Foundations Recovery Network (FRN) Announces Groundbreaking Opiate Research Study Which Yields Compelling Results Foundations Recovery Network (FRN) Announces Groundbreaking Opiate Research Study Which Yields Compelling Results Results validate FRN s system of care approach through patient satisfaction Siobhan A.

More information

Substance Abuse 2014-2015. Chapter 10: Substance Abuse

Substance Abuse 2014-2015. Chapter 10: Substance Abuse Substance Abuse 214-215 Chapter 1: Substance Abuse 265 214-215 Health of Boston Substance Abuse Substance abuse involves the excessive use of alcohol or illicit substances (e.g., marijuana, cocaine, heroin,

More information

NTORS After Five Years

NTORS After Five Years NTORS After Five Years The National Treatment Outcome Research Study Changes in substance use, health and criminal behaviour during the five years after intake Michael Gossop, John Marsden and Duncan Stewart

More information

The story of drug treatment

The story of drug treatment EFFECTIVE TREATMENT CHANGING LIVES www.nta.nhs.uk www.nta.nhs.uk 1 The story of drug treatment The use of illicit drugs is declining in England; more and more people who need help with drug dependency

More information

Responsible management and use of a personal take-home naloxone supply: A pilot project

Responsible management and use of a personal take-home naloxone supply: A pilot project Drugs: education, prevention and policy, August 2010; 17(4): 388 399 ORIGINAL ARTICLE Responsible management and use of a personal take-home naloxone supply: A pilot project ANDREW MCAULEY 1, GEORGE LINDSAY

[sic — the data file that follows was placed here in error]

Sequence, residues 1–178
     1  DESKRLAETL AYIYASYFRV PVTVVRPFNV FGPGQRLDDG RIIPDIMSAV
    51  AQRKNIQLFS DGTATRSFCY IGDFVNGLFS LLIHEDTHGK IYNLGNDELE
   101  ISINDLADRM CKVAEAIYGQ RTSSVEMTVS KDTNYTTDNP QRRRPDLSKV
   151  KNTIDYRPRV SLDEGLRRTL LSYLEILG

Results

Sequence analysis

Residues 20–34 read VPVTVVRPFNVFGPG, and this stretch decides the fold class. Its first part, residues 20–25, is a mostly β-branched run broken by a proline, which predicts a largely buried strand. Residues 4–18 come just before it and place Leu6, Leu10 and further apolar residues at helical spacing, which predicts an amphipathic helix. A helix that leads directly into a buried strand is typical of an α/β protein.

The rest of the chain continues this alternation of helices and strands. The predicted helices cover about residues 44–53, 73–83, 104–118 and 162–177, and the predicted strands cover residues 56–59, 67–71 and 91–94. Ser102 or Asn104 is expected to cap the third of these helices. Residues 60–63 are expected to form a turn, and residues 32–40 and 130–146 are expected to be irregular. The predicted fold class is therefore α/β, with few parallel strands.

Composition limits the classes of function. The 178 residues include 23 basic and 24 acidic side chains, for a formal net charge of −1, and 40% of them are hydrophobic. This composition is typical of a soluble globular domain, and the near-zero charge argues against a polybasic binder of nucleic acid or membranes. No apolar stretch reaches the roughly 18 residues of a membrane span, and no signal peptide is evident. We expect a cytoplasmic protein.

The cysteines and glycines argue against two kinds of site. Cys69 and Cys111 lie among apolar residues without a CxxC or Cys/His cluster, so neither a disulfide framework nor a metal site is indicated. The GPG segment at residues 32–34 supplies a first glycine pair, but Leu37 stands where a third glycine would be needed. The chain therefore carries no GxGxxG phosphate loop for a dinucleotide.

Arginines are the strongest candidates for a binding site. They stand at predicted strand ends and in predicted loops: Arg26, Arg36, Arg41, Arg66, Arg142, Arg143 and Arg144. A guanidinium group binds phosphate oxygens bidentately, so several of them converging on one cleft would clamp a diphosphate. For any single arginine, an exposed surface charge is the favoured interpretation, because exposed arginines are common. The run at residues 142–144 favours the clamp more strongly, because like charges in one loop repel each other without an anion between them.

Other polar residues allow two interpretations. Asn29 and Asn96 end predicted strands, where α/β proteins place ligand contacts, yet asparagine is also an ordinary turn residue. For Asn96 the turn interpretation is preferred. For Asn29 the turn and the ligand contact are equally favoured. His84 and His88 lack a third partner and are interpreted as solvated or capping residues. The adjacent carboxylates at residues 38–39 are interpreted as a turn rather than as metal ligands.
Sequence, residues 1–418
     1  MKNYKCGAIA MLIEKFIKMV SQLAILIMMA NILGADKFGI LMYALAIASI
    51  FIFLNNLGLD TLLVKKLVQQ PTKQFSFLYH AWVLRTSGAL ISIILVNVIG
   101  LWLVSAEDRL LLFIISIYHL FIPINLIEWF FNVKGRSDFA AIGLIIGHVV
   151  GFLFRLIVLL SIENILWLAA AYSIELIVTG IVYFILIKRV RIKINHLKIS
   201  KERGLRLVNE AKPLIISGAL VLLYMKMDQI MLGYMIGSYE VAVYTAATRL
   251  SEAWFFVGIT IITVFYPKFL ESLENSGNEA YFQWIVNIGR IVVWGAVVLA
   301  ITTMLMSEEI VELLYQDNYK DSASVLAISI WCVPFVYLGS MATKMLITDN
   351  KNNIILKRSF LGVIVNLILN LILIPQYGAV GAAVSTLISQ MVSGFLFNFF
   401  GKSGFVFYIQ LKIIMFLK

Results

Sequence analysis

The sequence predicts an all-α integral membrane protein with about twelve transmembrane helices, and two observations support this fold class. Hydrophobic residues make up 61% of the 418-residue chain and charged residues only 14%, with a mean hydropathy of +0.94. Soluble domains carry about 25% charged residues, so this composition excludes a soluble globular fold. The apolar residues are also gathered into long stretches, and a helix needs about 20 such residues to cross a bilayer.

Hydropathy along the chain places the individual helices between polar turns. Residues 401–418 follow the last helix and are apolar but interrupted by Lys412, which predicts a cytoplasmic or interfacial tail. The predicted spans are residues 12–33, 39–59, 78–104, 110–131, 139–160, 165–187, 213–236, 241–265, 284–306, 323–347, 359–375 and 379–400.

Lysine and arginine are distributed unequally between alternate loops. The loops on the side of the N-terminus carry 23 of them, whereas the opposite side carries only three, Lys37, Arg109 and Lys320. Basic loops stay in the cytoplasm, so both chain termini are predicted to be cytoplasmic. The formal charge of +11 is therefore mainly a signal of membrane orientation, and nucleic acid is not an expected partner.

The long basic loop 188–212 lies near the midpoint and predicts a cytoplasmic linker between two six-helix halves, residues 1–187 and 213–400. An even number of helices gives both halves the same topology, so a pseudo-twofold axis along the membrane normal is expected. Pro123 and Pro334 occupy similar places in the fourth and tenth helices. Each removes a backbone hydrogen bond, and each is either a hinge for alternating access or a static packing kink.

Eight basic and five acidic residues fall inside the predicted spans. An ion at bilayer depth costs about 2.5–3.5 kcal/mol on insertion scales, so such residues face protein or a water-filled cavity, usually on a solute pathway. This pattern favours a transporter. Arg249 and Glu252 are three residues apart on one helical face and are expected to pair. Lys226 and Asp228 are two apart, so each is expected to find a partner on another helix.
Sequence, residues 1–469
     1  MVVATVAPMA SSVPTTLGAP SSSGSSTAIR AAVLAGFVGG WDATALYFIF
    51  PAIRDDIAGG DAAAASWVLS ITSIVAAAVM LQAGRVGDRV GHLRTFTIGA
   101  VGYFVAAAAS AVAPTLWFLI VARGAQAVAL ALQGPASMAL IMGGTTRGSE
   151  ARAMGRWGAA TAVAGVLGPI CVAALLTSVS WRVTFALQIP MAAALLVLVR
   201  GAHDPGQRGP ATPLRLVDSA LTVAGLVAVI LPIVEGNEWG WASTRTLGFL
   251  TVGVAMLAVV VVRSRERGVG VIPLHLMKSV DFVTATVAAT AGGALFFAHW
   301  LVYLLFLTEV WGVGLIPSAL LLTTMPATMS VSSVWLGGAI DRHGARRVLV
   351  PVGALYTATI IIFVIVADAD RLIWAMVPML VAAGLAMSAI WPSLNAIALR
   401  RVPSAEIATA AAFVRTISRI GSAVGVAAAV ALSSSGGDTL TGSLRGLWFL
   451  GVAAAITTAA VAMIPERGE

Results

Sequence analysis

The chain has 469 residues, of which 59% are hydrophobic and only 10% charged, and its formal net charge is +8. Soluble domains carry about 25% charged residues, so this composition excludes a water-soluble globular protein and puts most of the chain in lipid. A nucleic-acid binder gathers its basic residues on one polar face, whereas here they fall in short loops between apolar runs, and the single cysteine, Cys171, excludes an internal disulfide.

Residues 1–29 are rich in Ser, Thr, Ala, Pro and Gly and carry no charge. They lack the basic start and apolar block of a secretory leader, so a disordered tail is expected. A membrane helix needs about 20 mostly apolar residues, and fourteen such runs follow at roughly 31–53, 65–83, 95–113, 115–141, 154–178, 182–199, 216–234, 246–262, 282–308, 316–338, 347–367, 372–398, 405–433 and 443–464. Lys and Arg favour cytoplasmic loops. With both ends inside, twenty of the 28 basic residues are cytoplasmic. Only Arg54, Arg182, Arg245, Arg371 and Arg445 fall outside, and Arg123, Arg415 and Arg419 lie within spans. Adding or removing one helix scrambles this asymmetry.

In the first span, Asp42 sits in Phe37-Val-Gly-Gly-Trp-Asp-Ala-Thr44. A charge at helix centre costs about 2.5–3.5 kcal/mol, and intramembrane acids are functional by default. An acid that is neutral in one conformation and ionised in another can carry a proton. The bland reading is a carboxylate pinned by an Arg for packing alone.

More information

POWDER COCAINE: HOW THE TREATMENT SYSTEM IS RESPONDING TO A GROWING PROBLEM

POWDER COCAINE: HOW THE TREATMENT SYSTEM IS RESPONDING TO A GROWING PROBLEM Effective treatment is available for people who have a powder-cocaine problem seven in ten of those who come into treatment either stop using or reduce their use substantially within six months POWDER

More information

Developing the Guernsey treatment system for substance misusers: Phases One and Two. Helen Baldwin Linda Prickett Adam Marr Jim McVeigh

Developing the Guernsey treatment system for substance misusers: Phases One and Two. Helen Baldwin Linda Prickett Adam Marr Jim McVeigh Developing the Guernsey treatment system for substance misusers: Phases One and Two Helen Baldwin Linda Prickett Adam Marr Jim McVeigh Roles and responsibilities of the LJMU research team Helen Baldwin

More information

REVIEW OF DRUG TREATMENT AND REHABILITATION SERVICES: SUMMARY AND ACTIONS

REVIEW OF DRUG TREATMENT AND REHABILITATION SERVICES: SUMMARY AND ACTIONS REVIEW OF DRUG TREATMENT AND REHABILITATION SERVICES: SUMMARY AND ACTIONS 1. INTRODUCTION 1.1 Review Process A Partnership for a Better Scotland committed the Scottish Executive to reviewing and investing

More information

The relationship among alcohol use, related problems, and symptoms of psychological distress: Gender as a moderator in a college sample

The relationship among alcohol use, related problems, and symptoms of psychological distress: Gender as a moderator in a college sample Addictive Behaviors 29 (2004) 843 848 The relationship among alcohol use, related problems, and symptoms of psychological distress: Gender as a moderator in a college sample Irene Markman Geisner*, Mary

More information

Outcomes after methadone maintenance and methadone reduction treatments: two-year follow-up results from the National Treatment Outcome Research Study

Outcomes after methadone maintenance and methadone reduction treatments: two-year follow-up results from the National Treatment Outcome Research Study Drug and Alcohol Dependence 62 (2001) 255 264 www.elsevier.com/locate/drugalcdep Outcomes after methadone maintenance and methadone reduction treatments: two-year follow-up results from the National Treatment

More information

THE EVALUATION OF PSYCHOANALYTICALLY INFORMED TREATMENT PROGRAMS FOR SEVERE PERSONALITY DISORDER: A CONTROLLED STUDY Marco Chiesa & Peter Fonagy